UNITED STATES—Light the fire of a revolution and burn the Nazi war machine to the ground. Bring freedom back to the American people. That is the endgame in “Wolfenstein II: The New Colossus,” the sequel to 2014’s “Wolfenstein: The New Order.” Return to the horrifying alternate-reality world of the Wolfenstein series where, once again, you play as the ever-vengeful protagonist William “B.J.” Blazkowicz. The goal is different but the means are the same: just as in the first game, your job is to kill every Nazi in sight.
Blazkowicz, now a shattered shell of a man having endured battle after battle, is forced once again into the fray as soon as the game begins. He wakes up aboard the U-boat Eva’s Hammer, his team’s base of operations. The man is so weak, however, that he cannot even stand and is relegated to a wheelchair. This does not, of course, stop him from killing a seemingly-endless onslaught of invading Nazis. From there on he regains his legs and gains a new mission: to return to his home country and start a grassroots revolution. He is constantly hounded by his old nemesis, Frau Engel, a returning character who is now a Nazi general and obsessed with capturing him and televising his gruesome death.
Blazkowicz spends a good portion of the game questioning his own morality and his past; unlike in the last game, players get to see more of how Blazkowicz was raised and where he came from. All of this is done very well, and the man comes across as someone who is struggling to stay alive both physically and emotionally. His devotion to his friends and now-pregnant lover Anya is also strong, and he constantly refers to one as his “wings” that keep him fighting. The side characters are, like Blazkowicz, interesting and well thought-out.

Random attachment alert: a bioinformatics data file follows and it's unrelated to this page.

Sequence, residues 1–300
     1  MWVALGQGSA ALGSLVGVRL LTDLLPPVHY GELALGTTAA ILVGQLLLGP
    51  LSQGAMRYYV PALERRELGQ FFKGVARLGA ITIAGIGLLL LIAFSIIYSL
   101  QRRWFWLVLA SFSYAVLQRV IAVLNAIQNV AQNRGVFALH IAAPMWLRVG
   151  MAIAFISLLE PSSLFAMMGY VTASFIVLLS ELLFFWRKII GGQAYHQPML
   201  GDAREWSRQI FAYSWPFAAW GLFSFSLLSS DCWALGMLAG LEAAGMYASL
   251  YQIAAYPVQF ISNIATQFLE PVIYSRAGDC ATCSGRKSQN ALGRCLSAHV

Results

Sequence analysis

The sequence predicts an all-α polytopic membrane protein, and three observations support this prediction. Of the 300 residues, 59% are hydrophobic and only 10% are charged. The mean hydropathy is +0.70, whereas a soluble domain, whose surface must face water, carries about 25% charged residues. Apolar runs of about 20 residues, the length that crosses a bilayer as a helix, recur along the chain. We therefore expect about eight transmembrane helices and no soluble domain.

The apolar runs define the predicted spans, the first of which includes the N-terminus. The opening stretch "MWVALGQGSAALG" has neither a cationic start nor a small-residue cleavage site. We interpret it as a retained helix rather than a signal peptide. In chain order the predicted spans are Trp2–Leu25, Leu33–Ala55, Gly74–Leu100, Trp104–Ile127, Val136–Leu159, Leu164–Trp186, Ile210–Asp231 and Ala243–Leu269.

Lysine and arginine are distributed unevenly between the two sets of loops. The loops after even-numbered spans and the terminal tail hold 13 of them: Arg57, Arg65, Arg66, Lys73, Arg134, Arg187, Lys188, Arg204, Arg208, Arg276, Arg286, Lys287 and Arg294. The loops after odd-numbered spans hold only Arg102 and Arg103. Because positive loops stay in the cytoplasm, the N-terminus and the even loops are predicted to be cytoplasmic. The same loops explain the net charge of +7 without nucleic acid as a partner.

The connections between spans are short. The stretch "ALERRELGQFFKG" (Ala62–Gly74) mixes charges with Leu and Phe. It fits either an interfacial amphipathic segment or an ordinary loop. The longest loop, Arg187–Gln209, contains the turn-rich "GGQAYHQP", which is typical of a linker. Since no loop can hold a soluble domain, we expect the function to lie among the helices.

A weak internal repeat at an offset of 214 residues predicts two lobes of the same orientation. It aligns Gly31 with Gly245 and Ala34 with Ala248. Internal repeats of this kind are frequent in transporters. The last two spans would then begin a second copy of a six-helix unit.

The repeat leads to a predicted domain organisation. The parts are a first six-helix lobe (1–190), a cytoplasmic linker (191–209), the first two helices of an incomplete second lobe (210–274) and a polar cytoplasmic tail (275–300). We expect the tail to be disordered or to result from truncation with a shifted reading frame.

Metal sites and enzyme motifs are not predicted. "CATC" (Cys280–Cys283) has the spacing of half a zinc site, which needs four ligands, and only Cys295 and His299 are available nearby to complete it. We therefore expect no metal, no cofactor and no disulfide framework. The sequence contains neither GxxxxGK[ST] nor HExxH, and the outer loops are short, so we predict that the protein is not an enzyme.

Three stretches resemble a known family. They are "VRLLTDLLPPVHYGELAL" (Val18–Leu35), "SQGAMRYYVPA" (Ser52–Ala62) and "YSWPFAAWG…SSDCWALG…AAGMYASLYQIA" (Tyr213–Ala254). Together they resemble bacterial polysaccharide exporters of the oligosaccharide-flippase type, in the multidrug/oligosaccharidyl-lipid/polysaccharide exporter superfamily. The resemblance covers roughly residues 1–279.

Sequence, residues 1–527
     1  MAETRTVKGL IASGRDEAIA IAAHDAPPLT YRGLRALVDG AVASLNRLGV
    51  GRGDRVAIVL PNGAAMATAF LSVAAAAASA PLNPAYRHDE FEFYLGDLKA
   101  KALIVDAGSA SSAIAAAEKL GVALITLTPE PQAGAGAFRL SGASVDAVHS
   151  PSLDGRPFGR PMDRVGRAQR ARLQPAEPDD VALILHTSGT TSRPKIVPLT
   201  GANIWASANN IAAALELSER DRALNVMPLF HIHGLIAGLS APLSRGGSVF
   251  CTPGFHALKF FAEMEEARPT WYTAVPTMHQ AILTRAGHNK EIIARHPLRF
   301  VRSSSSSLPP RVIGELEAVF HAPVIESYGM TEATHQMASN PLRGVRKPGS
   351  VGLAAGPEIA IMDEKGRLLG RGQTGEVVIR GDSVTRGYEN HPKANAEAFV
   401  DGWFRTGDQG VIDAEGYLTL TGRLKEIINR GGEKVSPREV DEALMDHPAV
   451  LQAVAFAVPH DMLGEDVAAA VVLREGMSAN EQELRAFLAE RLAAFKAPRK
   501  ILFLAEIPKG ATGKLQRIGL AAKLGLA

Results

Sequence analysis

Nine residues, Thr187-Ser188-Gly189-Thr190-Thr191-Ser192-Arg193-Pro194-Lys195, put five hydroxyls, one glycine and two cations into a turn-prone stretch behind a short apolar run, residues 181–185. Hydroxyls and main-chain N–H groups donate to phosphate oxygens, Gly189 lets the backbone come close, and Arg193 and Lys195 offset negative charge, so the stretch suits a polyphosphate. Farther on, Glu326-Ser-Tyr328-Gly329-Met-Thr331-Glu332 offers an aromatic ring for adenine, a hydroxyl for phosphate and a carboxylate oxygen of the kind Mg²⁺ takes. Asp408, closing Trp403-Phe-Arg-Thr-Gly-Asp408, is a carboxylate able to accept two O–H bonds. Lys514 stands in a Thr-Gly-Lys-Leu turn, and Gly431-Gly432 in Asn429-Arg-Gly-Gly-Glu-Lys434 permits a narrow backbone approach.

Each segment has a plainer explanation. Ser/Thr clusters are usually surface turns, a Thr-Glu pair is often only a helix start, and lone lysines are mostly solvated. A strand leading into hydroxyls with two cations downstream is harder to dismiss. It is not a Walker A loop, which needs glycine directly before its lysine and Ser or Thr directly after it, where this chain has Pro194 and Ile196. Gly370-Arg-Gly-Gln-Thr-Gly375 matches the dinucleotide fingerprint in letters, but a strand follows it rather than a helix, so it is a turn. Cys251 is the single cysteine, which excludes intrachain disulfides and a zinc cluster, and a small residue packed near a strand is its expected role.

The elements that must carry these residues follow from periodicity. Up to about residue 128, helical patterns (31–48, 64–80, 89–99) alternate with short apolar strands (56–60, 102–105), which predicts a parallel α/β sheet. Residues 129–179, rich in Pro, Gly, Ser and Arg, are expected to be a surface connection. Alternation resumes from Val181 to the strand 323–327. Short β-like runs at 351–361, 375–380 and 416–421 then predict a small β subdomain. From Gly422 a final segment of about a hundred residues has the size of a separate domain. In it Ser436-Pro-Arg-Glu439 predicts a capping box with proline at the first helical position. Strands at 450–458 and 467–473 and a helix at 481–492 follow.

A great deal of the game is completely over-the-top, from the sometimes-ridiculous story to the sheer volume of murdering that the main character must go through. This is more often than not a good thing, however, and only makes the game more interesting and keeps it true to its foundation. The game also spends a little time questioning the morality of what the protagonist does, but still stays true to its kill-all-Nazis attitude. It does a good job defending this ground as well, as it makes the enemies seem even more evil and deserving of little remorse.
The graphics are exceptional and the gameplay is, like the story, sometimes rather over-the-top with its level of mayhem. Each weapon the “Terror-Billy” uses is different and unique, and like the first game, each encounter can be taken on in two ways: by either going at it slow and stealthy or, as is more fitting for such a fast-paced game, charging in guns blazing.
The game is not perfect, of course. The levels can be a little confusing and maze-like at times. There is no open world play at all, just like the first one. The always-running-and-shooting, although fun and always done in different environments, can get a little repetitive after a while too. There are different types of enemies but, by the end, it does not seem like there was very much variation to them, and that most of the game was spent fighting the same ones.
“Wolfenstein II: The New Colossus” makes up for its little errors in being a fun, crazy, fast-paced shooter with a very interesting story. Anyone that was a fan of the first one, or a fan of any shooter-based games, would enjoy it. And anyone that just wants to kill a bunch of German Nazis, well, they’d love it. It is available for Xbox One, PS4 and PC. It is rated M.